Film Review: Smile

By Matthew Moorcroft

Solid Recommendation

  • Directed by Parker Finn
  • Starring Sosie Bacon, Kyle Gallner, Jessie T. Usher, Robin Weigert
  • R

Just in time for Halloween, Smile is given to us courtesy of newcomer Parker Finn. Initially intended to head to streaming, Smile played so well during test screenings that Paramount saw theatrical potential for the film, and in a year where high concept horror seems to be flourish – just this past month we had the daring and thrilling Barbarian – this felt like a no-brainer decision. After all, it’s nearly October, and spooky season is upon us. What could go wrong?

Not a whole lot it seems. Initial marketing for Smile wasn’t exactly impressive to say the least, prioritizing the premise moreso then actual meat of the production itself. Smiling in of itself isn’t exactly scary on paper outside of a couple of creepy moments, and hedging your bets on a whole premise which is “woman sees creepy people smiling at her” seems like one of those jokes premises from a game of Mad Libs. How exactly do you pull something like this off? Make it about trauma, it seems, which is the go to premise for horror it seems nowadays. Still, it’s an effective angle for a reason, and Smile is indeed, first and foremost, effective.

From expertly laid jump scares to an effectively creepy score, Smile is trying to make you as uncomfortable as possible and on that end it’s immensely successful. Dripping in atmosphere and tension from beginning to end, Smile is pretty unrelentless for a mainstream horror film, particularly in regards to tone. This is some grim, bleak stuff, and the scares here are so effective it’s hard to deny the visceral reaction upon leaving the theater. The final minutes of this in particular are just stellar stuff, with some full on creature feature level effects work and tons of gory goodness. If you want a movie with a full crowd, this is the movie to get a full crowd to.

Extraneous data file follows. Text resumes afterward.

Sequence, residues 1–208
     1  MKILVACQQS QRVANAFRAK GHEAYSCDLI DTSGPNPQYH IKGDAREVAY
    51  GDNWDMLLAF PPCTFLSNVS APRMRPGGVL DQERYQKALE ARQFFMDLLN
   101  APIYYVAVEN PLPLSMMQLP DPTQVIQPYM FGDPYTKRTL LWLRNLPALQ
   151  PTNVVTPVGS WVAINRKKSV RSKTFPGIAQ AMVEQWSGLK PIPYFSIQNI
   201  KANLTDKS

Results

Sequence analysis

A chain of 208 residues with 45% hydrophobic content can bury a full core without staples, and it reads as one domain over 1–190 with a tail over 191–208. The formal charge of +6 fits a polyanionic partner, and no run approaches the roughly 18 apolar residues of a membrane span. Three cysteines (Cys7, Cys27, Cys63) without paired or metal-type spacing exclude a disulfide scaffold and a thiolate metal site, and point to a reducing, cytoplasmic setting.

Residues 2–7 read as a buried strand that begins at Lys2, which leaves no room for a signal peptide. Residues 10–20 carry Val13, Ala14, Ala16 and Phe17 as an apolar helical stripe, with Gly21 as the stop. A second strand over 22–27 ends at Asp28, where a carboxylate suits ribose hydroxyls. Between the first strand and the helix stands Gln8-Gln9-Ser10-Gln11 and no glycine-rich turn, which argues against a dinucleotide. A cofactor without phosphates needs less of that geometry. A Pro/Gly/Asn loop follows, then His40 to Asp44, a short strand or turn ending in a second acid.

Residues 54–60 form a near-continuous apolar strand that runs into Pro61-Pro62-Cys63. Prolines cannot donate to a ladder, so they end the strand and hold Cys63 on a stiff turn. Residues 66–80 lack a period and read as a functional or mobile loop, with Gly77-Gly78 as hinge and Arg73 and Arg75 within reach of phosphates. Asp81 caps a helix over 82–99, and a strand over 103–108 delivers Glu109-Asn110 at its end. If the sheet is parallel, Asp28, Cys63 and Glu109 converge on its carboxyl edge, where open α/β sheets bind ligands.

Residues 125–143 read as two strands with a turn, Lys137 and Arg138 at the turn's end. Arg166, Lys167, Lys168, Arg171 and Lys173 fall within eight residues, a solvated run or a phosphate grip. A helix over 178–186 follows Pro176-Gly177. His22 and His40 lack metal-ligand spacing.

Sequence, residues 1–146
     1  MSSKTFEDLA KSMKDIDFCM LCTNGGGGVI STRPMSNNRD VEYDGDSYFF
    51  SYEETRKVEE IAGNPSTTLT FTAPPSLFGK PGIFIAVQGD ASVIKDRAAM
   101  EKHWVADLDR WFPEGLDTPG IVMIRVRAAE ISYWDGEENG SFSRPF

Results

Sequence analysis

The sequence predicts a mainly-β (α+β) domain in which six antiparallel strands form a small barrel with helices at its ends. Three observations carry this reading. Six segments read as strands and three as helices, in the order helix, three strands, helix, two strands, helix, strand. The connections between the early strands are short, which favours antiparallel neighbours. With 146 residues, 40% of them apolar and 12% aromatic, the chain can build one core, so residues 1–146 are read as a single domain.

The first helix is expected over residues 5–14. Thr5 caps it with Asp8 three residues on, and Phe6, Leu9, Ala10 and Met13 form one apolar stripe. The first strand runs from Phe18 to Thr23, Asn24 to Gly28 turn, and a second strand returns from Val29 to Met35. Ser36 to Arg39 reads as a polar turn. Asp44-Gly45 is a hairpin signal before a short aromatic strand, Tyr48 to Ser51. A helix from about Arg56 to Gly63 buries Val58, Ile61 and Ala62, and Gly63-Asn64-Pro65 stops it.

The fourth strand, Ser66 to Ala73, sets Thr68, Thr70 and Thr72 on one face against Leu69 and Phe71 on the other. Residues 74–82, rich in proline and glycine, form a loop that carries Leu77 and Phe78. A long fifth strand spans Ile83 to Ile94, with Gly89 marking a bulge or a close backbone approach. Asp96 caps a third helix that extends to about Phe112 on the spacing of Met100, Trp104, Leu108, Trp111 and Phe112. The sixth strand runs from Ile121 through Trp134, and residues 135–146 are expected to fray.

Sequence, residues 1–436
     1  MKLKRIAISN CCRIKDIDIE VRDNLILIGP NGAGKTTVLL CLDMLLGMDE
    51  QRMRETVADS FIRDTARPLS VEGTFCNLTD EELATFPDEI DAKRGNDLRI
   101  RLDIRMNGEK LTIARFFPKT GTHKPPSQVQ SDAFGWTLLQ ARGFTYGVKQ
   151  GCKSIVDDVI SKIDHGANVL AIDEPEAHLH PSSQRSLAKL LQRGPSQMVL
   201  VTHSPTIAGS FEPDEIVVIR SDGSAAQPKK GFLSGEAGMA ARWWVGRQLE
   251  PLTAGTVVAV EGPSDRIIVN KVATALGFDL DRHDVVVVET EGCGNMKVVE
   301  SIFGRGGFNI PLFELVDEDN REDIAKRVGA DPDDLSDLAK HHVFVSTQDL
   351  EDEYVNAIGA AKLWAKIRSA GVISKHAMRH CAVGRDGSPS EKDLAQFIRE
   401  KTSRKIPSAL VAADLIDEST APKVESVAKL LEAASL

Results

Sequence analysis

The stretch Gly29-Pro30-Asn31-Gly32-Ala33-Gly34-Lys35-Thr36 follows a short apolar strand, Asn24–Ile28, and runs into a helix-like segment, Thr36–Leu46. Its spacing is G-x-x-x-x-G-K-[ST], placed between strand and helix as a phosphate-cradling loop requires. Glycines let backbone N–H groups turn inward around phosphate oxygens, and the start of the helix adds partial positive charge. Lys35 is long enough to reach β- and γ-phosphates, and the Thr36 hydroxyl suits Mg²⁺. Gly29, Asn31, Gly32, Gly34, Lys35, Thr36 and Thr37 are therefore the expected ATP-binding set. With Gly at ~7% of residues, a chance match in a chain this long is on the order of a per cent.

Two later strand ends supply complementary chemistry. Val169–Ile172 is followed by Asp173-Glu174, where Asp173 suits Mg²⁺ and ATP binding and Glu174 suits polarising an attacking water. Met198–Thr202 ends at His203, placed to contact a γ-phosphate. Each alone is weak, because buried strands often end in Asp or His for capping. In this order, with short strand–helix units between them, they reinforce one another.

The actual meat of this thing is a little bit more standard fare, albeit it’s quality standard fare. J-horror vibes are the name of the game here, particularly Ringu, and a dash of It Follows as well to round up it’s influences. In fact, Smile borrows a ton from prior horror like it to the point where it almost feels a hodge podge of every major horror film of the past 5 years mixed into a stew. There is even a bit of Hereditary here, but if you are going to crib, crib from the best, and thankfully Smile has more then enough interesting angles to help it standout.

For starters, it’s focus on trauma is less about the effects of trauma then it is about the cyclical nature of it and how it eats itself. Traumatic things happen to somebody, causes them to lash out, trauma passed to another person, rinse and repeat. This visualization, and commitment to the bit in terms of making it so much about trauma that it overwhelms everything else, is probably what ends up pushing Smile towards being as successful as it is. Sosie Bacon’s equally committed lead performance is also responsible, especially as she’s forced into some really difficult places for her character here and manages to keep herself believable. The story also never demonizes those with mental illness despite the chances too, instead also portraying them with sympathy, if not understanding.

And for a first time director, Finn is remarkably talented and is able to really flex here. Some really amazing production design and cinematography permeate through this thing, and the great, crackling sound design keeps everything creepy and uneasy. It’s clear that if this had gone to streaming it would have been a disservice as they really poured their all into this production wise and I’m really curious to see with Finn does next as he moves onto bigger projects.

That is if Paramount wants to do a sequel to the film, which is increasingly likely as the film does incredibly well with audiences. Still though, as a new possible horror franchise start and a standalone film, this is good stuff, and a great time with a large crowd. It’s a bit long in the tooth, yeah, and it cribs from better films, but who cares when it’s this fun? Just smile your through it.

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